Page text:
“For often, when one is asleep, there is something in consciousness which declares that what then presents itself is but a dream”
In my last post, I discussed devices that have been developed to aid Lucid Dreaming and gave an overview of how to develop one using the Circuit Playground Express. In this post I’m going to give an overview of how we can explore the transitional state between wakefulness and sleep, which has associations with various phenomena including Out of body experiences/Astral Projection and hallucinations related to loss of sense of self and distortion in perception of space and time. This state has always been of interest in human history, it has been the inspiration of Salvador Dali's art, Aristotle's writings and Thomas Edison, who attributed a lot of his insights to lucid thoughts within Hypnagogia.
Salvador Dali, 'The persistence of Memory' aka melting clocks
Thomas Edison used a clever hack to access this middle-ground state by the use of steel balls held in each hand whilst taking naps. As he fell into sleep and his muscle tone reduced, the balls would drop and hit the floor, and the noise woke him up, interrupting his fall into sleep and thereby suspending his consciousness in a hypnogogic state.
All this might sound esoteric and pseudoscience but similar phenomena experienced in Hypnogogia can be induced within lab settings – there are now several approaches to inducing perceptual changes, links at the end of the article for example references.
A more recent study by a team lead by Oscar Rosello at MIT was conducted this year, with the development of a glove with various sensors to detect sleep stages of a wearer. The ‘Dormio’ system includes a feedback mechanism to cue a wearer during transitional sleep states to both awaken them slightly and also cue them with audio to see if certain words would be incorporated into dreams and hypnagogic content. The study is a great read – there’s some thought-provoking discussions about how these experiences may impact creativity but the interest for me was in the actual technical approach and how much of it can be leveraged using open source tools.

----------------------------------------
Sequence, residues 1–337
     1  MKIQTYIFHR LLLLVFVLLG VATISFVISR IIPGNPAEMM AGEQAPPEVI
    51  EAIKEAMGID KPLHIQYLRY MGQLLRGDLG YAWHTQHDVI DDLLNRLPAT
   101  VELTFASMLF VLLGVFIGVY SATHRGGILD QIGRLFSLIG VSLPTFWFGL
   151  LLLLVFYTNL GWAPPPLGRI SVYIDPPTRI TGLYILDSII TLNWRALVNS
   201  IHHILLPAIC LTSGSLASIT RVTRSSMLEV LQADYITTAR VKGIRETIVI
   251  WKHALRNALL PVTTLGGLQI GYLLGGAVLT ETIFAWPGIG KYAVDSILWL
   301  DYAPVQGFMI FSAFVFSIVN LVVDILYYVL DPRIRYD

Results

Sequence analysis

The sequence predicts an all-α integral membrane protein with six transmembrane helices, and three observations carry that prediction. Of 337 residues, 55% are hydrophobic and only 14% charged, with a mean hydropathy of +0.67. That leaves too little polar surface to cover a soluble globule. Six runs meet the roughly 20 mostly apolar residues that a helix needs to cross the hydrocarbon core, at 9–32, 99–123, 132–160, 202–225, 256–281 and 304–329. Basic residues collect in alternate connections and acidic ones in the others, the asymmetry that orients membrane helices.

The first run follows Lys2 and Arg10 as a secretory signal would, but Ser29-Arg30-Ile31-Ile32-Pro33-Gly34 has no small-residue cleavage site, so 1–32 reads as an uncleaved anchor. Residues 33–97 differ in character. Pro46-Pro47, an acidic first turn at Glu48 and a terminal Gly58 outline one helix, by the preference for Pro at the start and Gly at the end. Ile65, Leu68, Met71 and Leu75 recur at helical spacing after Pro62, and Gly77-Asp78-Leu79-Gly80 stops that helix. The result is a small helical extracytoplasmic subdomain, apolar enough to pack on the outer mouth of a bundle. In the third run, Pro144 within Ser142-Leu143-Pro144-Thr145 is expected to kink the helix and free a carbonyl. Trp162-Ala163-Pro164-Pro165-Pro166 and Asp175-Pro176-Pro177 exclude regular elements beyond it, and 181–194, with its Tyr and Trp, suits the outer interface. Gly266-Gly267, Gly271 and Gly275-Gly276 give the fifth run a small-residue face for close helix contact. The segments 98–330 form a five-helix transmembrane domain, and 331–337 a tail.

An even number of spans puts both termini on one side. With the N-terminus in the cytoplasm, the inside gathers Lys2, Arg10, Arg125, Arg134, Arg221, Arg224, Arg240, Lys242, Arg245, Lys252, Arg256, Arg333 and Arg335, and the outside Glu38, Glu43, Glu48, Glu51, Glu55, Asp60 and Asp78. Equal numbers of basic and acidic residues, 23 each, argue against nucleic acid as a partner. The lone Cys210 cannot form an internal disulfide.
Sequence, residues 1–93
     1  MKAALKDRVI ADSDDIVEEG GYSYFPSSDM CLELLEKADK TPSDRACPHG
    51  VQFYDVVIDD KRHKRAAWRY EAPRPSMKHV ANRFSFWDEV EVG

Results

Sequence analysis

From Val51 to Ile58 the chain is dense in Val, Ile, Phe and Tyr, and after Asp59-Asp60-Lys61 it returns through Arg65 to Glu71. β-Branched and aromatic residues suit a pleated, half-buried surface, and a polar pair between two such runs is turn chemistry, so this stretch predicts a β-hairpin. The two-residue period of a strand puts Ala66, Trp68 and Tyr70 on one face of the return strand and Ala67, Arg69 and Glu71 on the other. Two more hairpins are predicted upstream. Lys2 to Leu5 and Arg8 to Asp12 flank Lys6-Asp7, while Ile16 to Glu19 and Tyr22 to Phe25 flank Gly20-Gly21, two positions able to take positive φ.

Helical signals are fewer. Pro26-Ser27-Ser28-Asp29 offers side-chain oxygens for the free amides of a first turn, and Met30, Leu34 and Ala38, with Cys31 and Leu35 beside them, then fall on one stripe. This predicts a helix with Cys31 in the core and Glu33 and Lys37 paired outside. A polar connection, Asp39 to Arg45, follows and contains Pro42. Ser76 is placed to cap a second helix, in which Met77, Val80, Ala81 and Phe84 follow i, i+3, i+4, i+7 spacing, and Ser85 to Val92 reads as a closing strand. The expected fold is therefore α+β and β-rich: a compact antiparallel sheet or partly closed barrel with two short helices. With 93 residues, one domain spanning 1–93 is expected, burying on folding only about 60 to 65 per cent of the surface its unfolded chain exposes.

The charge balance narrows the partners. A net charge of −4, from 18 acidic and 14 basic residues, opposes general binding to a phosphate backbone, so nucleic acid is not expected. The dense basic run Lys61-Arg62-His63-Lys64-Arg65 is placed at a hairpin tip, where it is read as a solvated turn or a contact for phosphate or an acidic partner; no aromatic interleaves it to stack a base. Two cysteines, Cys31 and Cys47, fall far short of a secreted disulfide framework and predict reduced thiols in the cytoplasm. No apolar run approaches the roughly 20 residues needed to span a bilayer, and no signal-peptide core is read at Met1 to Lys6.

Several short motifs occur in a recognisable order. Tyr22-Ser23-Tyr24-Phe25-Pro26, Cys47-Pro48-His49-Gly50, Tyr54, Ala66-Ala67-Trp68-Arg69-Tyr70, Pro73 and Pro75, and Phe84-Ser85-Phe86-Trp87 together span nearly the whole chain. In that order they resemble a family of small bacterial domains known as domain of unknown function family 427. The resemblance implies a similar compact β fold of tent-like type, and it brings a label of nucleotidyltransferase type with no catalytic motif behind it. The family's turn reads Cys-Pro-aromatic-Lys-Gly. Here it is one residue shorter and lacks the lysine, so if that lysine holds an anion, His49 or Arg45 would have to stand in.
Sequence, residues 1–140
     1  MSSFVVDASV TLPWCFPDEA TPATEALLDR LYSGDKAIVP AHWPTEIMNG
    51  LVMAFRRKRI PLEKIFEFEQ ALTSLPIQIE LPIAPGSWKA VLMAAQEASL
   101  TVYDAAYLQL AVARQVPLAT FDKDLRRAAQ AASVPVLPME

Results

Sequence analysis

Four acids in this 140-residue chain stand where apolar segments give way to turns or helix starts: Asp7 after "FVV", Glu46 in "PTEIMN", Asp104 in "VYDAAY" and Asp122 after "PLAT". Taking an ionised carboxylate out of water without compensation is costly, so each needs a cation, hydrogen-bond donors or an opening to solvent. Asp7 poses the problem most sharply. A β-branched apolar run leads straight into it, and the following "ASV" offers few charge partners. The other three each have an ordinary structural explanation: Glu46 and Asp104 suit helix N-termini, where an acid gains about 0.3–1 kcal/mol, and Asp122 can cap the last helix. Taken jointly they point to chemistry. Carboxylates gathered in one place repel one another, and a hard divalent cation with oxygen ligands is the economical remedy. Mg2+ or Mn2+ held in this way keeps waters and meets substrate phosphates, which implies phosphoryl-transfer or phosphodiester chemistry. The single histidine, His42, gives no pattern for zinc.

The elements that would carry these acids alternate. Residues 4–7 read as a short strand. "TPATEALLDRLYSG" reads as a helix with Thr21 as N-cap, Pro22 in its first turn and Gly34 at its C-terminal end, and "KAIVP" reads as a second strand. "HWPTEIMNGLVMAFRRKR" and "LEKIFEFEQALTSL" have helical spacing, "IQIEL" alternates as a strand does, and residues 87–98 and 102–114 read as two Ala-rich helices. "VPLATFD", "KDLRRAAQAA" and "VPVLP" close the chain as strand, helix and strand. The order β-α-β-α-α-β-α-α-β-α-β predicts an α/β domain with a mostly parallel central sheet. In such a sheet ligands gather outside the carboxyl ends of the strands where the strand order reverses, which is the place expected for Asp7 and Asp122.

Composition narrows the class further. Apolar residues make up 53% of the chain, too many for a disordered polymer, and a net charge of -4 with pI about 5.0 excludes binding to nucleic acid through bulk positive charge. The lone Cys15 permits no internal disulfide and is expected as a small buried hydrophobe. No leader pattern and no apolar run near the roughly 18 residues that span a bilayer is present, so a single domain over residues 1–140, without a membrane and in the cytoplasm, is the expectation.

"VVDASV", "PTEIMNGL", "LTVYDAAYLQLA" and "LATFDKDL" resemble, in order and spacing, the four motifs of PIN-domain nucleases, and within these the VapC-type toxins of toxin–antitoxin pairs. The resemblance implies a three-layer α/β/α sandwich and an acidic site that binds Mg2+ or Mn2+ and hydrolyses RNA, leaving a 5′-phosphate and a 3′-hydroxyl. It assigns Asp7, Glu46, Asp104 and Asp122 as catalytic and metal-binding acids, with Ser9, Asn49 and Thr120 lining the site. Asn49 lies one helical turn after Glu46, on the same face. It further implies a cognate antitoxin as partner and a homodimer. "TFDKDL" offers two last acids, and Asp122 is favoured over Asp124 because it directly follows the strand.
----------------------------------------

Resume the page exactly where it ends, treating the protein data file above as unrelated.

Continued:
There are number of sensors in the glove, including: heart rate monitor, skin perspiration and muscle tone and these were fed into a custom Arduino microcontroller. The customisation was done to accommodate the various breakout components across a wearable form-factor which looks like something out Minority Report or CyberPunk 2077. The hardware could conceivably be made with off the shelf raspberry pi or Arduino components and there are relevant breakout sensors that can be connected. But a lot of the sensing capability was to cover quite a wide range of requirements for the MIT project and if you limit the requirement to detecting the initial onset of sleep just like with Edison’s steel ball method and a feedback mechanism to wake a wearer up, I think you can get by with just a heart rate sensor and either a speaker or vibration motor…
The Bangle has a heart-rate sensor that is easily accessible through the code, you can check example HR apps through the app launcher and leverage much of it to create a system that can detect the onset of sleep; all you really have to look out for is a sharp drop in average HR and then you can make the watch vibrate to alert the wearer.